September 20th, 2009 at 06:52am
The Australian Competition and Consumer Comission has won the first legal battle against Powerballwin.com.au, which claimed to be able to predict the Powerball numbers in a way which expands on a theory I have had for some time.
A SYDNEY company promising a guaranteed win at Powerball has had its assets frozen by court order following legal action by the Australian Competition and Consumer Commission (ACCC).
Powerballwin.com.au Pty Ltd offered a “100 per cent guarantee” to provide the correct Powerball number and help subscribers choose the next five numbers, Federal Court documents show.
The company claimed its system was based on “mathematics, statistics, computer modelling and the complex study of the theory of random probability”, court documents said.
However, the ACCC this week won a court injunction against the company and four men, suspending the scheme and freezing their bank accounts until a further hearing tomorrow.
The promoters disputed the theory that lottery balls fell in random patterns and promised subscribers a system to help them win “all divisions of Powerball”, court documents said.
However, the ACCC said in court documents the promoters did not have insider information, and were engaged in misleading or deceptive conduct.
One of the company’s ads included in the [ACCC] application stated: “Win Powerball this Thursday! The first Australian Powerball draw was conducted at 8.28pm on May 23, 1996. After analysing each number drawn excluding the Powerball number since its introduction, we have made an amazing discovery that disputes the theory of random probability and has totally shocked experts.”
I have disputed for a long time the notion that lottery numbers are drawn in a purely random manner for the simple reason that, for this to be true, the balls would all need to weigh exactly the same amount, have the exact same shape (including surface area covered by numbers) and receive an equal amount of the air being pumped in to the lottery machine.
Predicting lottery numbers accurately is, in my view, a simple (OK, simple might not be the right word) matter of knowing the original position of each ball, knowing the precise characteristics of each ball and the machine being used, knowing the characteristics of the air being pumped in to the machine, and then putting it all together with some physics modelling.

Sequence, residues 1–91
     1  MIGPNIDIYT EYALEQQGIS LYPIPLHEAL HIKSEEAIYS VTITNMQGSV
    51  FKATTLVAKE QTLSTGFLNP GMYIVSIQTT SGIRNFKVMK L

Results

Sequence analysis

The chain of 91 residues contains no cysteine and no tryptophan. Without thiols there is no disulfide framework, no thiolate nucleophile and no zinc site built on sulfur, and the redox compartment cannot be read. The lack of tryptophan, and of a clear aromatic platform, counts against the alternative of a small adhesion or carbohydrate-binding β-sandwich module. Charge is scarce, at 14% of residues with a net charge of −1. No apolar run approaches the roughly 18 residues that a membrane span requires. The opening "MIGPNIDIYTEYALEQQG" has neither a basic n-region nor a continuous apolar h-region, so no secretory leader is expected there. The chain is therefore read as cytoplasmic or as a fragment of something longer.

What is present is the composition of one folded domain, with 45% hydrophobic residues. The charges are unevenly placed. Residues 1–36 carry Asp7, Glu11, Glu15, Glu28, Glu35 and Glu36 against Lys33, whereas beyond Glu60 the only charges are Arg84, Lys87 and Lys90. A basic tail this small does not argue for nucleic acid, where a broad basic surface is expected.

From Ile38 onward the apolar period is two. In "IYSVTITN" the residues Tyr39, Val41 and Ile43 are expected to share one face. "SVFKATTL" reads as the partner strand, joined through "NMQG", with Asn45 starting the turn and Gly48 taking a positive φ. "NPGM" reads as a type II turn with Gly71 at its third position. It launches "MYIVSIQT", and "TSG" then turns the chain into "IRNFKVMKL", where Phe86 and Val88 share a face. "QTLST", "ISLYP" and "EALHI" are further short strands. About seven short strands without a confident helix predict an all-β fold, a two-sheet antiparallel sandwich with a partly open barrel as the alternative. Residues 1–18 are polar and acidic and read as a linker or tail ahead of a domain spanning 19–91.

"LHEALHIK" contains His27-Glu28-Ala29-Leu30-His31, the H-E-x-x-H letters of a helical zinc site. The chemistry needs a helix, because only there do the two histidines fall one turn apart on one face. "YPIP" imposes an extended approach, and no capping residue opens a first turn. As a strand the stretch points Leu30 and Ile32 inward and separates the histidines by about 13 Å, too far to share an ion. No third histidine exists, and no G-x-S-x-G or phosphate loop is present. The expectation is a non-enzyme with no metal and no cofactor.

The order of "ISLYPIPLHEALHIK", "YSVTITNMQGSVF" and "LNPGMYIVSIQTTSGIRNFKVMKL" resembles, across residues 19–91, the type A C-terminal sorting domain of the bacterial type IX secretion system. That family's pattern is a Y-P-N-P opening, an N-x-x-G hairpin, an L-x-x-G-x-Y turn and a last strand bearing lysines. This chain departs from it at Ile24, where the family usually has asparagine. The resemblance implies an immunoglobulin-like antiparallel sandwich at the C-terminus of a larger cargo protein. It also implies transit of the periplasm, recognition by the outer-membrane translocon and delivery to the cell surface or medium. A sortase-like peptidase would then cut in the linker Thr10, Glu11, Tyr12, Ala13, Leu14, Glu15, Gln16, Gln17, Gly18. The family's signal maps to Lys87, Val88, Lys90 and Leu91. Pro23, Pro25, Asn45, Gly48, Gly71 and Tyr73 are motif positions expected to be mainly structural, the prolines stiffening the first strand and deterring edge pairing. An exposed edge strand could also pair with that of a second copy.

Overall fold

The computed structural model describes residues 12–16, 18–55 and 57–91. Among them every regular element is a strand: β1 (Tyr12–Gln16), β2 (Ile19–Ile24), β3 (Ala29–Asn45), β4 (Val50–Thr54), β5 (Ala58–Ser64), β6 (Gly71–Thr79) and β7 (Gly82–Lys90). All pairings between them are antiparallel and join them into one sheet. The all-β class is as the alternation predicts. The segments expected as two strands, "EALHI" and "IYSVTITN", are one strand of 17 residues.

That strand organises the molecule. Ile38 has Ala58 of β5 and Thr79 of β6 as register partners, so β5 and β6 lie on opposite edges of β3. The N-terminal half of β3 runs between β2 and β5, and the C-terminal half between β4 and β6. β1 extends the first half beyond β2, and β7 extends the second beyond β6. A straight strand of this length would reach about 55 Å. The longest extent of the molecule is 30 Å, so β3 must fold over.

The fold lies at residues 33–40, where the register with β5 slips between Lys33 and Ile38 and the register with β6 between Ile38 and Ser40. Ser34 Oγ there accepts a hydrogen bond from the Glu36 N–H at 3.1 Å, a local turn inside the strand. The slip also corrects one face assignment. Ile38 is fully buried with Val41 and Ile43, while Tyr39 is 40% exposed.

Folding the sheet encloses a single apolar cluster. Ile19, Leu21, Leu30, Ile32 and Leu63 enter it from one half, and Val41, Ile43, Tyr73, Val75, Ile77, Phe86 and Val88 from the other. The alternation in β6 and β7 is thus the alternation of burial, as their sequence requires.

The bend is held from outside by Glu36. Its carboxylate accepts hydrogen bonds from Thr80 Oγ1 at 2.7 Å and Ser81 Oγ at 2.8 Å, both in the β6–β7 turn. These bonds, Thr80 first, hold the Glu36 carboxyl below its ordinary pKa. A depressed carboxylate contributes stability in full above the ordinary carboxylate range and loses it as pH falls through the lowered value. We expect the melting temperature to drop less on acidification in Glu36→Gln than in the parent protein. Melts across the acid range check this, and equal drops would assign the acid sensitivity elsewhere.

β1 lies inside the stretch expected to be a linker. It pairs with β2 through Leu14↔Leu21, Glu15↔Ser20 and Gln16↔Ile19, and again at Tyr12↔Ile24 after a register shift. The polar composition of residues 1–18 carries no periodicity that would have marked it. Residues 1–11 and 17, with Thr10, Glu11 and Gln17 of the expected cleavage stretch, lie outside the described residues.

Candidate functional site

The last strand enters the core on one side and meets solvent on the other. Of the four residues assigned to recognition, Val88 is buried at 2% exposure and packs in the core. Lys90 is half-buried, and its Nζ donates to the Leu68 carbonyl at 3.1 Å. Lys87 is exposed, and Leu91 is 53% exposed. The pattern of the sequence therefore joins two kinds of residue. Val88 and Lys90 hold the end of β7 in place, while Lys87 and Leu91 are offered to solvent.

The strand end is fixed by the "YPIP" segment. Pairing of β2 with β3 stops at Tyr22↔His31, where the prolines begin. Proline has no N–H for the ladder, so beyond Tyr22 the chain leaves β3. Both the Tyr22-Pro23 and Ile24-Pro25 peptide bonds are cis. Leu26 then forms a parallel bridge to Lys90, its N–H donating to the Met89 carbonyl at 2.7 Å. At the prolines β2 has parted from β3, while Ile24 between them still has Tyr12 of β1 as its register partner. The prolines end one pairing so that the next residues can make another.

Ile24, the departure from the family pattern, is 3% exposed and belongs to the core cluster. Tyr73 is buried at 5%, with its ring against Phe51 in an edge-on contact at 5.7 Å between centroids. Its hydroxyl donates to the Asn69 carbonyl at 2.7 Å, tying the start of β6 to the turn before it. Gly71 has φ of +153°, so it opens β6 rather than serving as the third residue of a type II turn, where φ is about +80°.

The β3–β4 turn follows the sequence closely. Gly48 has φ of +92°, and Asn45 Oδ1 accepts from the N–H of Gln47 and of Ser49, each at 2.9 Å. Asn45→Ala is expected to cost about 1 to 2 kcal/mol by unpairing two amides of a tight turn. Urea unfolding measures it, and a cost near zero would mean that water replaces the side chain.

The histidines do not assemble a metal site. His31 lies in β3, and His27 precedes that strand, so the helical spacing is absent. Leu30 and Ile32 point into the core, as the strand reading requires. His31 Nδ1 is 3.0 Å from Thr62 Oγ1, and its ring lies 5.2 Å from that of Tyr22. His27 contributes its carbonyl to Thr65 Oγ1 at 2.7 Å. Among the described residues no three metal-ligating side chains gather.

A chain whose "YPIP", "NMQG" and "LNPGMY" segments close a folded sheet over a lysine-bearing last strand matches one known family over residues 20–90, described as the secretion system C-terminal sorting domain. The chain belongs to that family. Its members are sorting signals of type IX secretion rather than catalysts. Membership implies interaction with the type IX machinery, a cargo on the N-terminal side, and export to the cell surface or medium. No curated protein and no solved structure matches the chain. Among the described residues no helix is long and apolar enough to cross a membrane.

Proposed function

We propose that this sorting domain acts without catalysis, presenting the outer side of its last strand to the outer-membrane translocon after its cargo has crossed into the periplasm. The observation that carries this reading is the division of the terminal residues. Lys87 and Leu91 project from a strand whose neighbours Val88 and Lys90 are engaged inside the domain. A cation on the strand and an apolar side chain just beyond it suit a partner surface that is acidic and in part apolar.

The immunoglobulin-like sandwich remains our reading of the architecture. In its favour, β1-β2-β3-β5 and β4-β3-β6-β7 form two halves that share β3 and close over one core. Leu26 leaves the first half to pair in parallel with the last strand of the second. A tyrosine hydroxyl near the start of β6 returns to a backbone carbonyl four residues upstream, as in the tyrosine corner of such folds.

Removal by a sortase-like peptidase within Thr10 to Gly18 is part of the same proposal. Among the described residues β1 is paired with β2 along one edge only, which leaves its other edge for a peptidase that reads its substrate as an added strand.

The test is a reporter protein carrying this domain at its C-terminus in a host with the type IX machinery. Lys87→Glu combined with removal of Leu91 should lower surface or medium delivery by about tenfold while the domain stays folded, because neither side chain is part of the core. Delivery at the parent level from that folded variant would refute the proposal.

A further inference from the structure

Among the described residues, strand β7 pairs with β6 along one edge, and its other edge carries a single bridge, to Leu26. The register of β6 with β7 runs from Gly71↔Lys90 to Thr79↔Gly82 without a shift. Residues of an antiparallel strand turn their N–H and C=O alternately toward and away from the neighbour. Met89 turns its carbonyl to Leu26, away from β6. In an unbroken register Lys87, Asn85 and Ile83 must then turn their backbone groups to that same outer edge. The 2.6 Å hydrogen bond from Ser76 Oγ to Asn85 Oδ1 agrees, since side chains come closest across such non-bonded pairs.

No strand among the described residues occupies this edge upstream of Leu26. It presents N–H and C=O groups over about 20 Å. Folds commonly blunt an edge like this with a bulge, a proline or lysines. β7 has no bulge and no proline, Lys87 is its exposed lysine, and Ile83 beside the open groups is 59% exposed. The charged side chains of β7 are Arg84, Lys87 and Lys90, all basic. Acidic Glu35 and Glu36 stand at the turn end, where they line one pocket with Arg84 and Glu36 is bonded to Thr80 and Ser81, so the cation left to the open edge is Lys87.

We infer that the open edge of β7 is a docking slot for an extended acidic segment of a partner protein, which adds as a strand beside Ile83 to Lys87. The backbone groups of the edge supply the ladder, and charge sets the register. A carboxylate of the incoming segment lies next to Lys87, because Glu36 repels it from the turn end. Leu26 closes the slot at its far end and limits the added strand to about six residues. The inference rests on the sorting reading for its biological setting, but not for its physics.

That said, knowing all of this information is more-or-less impossible, and knowing it far enough in advance to run a simulation which can predict the lotto numbers is even less likely. Knowing a subset of the information and making a “close enough” prediction is much more likely (and is similar to predicting the weather). I suspect that this lottery prediction service, if the people behind it are being honest, has monitored enough Powerball draws to gather a significant subset of the information.
If they are on the level, then they should have a high enough accuracy rate to prove their case in court…and if they’re feeling generous they might even give the ACCC a complimentary prediction so that the ACCC can cover the court costs without burdening taxpayers.
One thing about this court case will be very interesting though…if the lottery prediction service is legitimate, then it will be interesting to see how much of their research and formula ends up in public court documents. If enough of it is made public, then the business model will be void, as anybody would be able to predict the numbers for themself without the aid of the lottery prediction business. If that happens, you can expect the ACCC to be sued for destroying the business, and quite possibly for the value of every Powerball jackpot in the next decade or three.
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